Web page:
J. F. Powers Analysis

Discussion Topics

(Masterpieces of American Literature)

What aspects of priests’ lives make them appropriate characters in J. F. Powers’s stories of the clash of materialistic and spiritual values?

How closely does the range of priests in Powers’s stories resemble that found in modern society?

Why is humor such an important ingredient in Powers’s typical short stories about priests?

What accommodations to a materialistic world does Father Urban make in Morte d’Urban?

How does Powers avoid preachiness?

Other Literary Forms

(Literary Essentials: Short Fiction Masterpieces)

J. F. Powers is the author of two novels: Morte d’Urban, which received the National Book Award for fiction in 1962, and Wheat That Springeth Green (1988), a National Book Award nominee. In addition, he has published essays and reviews.


(Literary Essentials: Short Fiction Masterpieces)

Like Flannery O’Connor, a Catholic writer with whom he is often compared, J. F. Powers is widely recognized as a distinctive figure in the modern American short story despite having produced only a small body of work. A master of comedy whose range encompasses cutting satire, broad farce, and gentle humor, Powers explores fundamental moral and theological issues as they are worked out in the most mundane situations. While he is best known for stories centering on priests and parish life, Powers, in several early stories of the 1940’s, was among the first to portray the circumstances of black people who had migrated from the South to Chicago and other urban centers.

Other literary forms

(Survey of Novels and Novellas)

J. F. Powers was highly regarded for his prowess as a short-story writer. “Lions, Harts, Leaping Does” (1943), only his second story to be published, appeared in the O. Henry and Martha Foley anthologies in 1944. His first short-story collection, Prince of Darkness, and Other Stories, was published by Doubleday in 1947. (Random House reissued the collection in 1979.) Doubleday published his second collection of stories, The Presence of Grace, in 1956. In 1963, Time published Lions, Harts, Leaping Does, and Other Stories, a collection culled from Powers’s first two books. His next collection, Look How the Fish Live, was published by Knopf in 1975. Powers’s stories appeared first in magazines such as Accent, Colliers, Commonweal, The Nation, Kenyon Review, Partisan Review, and The New Yorker. Powers also wrote reviews of poetry and fiction, autobiographical pieces, and articles dealing with social issues. His nonfiction, like most of his fiction, is often satiric in tone.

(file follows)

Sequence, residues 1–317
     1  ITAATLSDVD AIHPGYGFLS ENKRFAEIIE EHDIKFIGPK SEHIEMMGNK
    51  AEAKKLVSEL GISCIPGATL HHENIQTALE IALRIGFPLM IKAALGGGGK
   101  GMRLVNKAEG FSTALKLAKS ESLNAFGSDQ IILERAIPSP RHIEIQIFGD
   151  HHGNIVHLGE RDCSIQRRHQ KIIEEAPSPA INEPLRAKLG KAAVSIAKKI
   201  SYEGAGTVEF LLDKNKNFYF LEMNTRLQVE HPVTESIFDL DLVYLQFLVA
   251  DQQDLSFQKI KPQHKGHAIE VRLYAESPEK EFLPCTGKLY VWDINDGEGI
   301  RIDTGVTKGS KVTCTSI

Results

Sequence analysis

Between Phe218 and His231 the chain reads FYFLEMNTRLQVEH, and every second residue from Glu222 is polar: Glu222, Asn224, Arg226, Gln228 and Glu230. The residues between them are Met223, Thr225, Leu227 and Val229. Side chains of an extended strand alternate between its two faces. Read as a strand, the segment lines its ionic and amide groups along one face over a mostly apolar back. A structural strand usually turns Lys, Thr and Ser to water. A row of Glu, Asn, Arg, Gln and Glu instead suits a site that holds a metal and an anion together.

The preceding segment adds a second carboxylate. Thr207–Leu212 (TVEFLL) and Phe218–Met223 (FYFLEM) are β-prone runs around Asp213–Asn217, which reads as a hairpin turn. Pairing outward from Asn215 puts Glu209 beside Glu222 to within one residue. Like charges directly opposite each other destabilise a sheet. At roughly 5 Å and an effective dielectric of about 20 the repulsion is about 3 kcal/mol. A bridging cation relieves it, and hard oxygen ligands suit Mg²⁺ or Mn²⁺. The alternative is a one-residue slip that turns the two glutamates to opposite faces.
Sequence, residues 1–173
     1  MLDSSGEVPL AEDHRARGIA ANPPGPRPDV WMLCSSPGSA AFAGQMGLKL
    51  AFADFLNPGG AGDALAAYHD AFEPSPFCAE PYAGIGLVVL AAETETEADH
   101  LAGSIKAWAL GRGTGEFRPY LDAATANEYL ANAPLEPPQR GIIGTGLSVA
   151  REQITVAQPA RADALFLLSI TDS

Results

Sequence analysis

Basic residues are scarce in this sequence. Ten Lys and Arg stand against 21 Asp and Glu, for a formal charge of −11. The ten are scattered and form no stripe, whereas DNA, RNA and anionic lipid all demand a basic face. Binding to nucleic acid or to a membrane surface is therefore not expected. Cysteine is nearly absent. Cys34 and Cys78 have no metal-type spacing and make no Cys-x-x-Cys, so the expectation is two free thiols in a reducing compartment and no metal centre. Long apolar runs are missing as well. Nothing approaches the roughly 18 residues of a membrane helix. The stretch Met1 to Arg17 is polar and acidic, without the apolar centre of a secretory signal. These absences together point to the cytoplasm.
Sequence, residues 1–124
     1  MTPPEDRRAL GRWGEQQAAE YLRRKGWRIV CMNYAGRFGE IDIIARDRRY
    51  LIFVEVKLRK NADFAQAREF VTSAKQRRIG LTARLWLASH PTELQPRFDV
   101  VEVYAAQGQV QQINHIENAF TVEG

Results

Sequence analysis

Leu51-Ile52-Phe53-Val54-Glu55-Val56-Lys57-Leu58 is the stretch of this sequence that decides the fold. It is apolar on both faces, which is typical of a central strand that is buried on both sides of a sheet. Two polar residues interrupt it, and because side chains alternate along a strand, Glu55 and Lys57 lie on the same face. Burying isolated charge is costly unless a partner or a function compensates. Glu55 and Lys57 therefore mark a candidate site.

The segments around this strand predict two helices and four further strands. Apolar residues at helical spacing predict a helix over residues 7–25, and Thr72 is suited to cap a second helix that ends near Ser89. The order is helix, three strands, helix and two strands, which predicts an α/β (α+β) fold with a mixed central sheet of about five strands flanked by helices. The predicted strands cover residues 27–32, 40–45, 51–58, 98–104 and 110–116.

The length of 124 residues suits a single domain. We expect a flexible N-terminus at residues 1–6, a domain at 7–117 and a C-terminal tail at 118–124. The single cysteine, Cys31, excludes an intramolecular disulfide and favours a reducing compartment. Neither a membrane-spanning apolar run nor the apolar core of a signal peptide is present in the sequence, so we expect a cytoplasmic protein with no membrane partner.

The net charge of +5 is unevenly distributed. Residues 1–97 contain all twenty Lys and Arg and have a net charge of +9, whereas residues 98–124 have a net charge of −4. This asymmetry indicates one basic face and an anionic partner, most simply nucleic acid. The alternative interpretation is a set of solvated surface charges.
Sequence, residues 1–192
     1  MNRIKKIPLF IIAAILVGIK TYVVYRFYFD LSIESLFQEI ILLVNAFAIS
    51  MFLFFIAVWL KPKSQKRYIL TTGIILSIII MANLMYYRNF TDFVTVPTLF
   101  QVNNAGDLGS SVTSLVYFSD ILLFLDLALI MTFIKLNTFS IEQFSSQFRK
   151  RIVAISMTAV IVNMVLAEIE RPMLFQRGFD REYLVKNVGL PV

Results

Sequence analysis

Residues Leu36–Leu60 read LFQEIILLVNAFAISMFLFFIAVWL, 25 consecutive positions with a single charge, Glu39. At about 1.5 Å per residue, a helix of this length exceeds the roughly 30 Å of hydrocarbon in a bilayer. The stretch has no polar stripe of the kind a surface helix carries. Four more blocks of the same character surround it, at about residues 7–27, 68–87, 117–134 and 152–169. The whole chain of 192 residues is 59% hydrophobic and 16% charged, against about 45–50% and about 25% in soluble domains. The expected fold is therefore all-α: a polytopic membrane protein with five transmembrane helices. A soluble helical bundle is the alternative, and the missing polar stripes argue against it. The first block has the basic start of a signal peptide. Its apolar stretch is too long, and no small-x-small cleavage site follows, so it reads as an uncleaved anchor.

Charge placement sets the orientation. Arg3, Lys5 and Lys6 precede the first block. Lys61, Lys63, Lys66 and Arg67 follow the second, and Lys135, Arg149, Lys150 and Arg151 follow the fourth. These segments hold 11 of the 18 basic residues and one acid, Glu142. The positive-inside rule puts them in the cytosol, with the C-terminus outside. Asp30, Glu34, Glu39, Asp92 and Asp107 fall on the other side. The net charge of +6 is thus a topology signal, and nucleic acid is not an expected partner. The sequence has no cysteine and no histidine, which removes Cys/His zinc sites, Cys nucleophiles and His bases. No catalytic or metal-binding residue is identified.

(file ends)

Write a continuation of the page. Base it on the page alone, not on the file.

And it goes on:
(Survey of Novels and Novellas)

J. F. Powers is to be numbered among those American writers—others include Katherine Anne Porter and J. D. Salinger—who produced a relatively small body of work distinguished by meticulous craftsmanship. Powers was praised by critics and fellow writers such as Alfred Kazin, William H. Gass, Thomas Merton, and Stanley Edgar Hyman. The Irish master of the short story, Frank O’Connor, judged Powers to be “among the greatest of living story tellers.” When Powers drew negative critical response, it was often for what is deemed to be his overly parochial concerns and his narrow focus on the world of the Catholic Church in the United States, especially of the clergy. In fact, Powers’s narrow focus can be seen as a source of strength; he wrote about what he knew best and, like excellent writers everywhere, discovered the universal in the particular. He has a permanent place in American literature as one of the most accomplished short-story writers of the twentieth century.


(Masterpieces of American Literature)

Evans, Fallon, ed. J. F. Powers. St. Louis: Herder, 1968. A collection of essays and appreciations emphasizing the Catholic context of Powers’s fiction. Among the contributors are Hayden Carruth, W. H. Gass (whose essay “Bingo Game at the Foot of the Cross” is a classic), Thomas Merton, and John Sisk. Also includes an interview with Powers and a bibliography.

Gussow, Mel. “J. F. Powers, 81, Dies.” The New York Times, June 17, 1999, p. C23. In this tribute to Powers, Gussow traces his literary career, commenting on his first important story, “Lions, Harts, Leaping Does,” and his best-known collection, Prince of Darkness and Other Stories, noting his frequent focus on priests.

Hagopian, John V. J. F. Powers. New York: Twayne, 1968. The first book-length study of Powers, this overview comprises a biographical sketch and a survey of Powers’s work through Morte d’Urban. Gives extensive attention to Powers’s stories. Includes a useful bibliography.

Long, J. V. “Clerical Character(s).” Commonweal, May 8, 1998, 11-14. Long offers a retrospective analysis of the leading characters in Morte d’Urban and Wheat That Springeth Green and the sacred-versus-secular issues confronting them. It is an interesting look back in the light of changes in American...

(The entire section is 547 words.)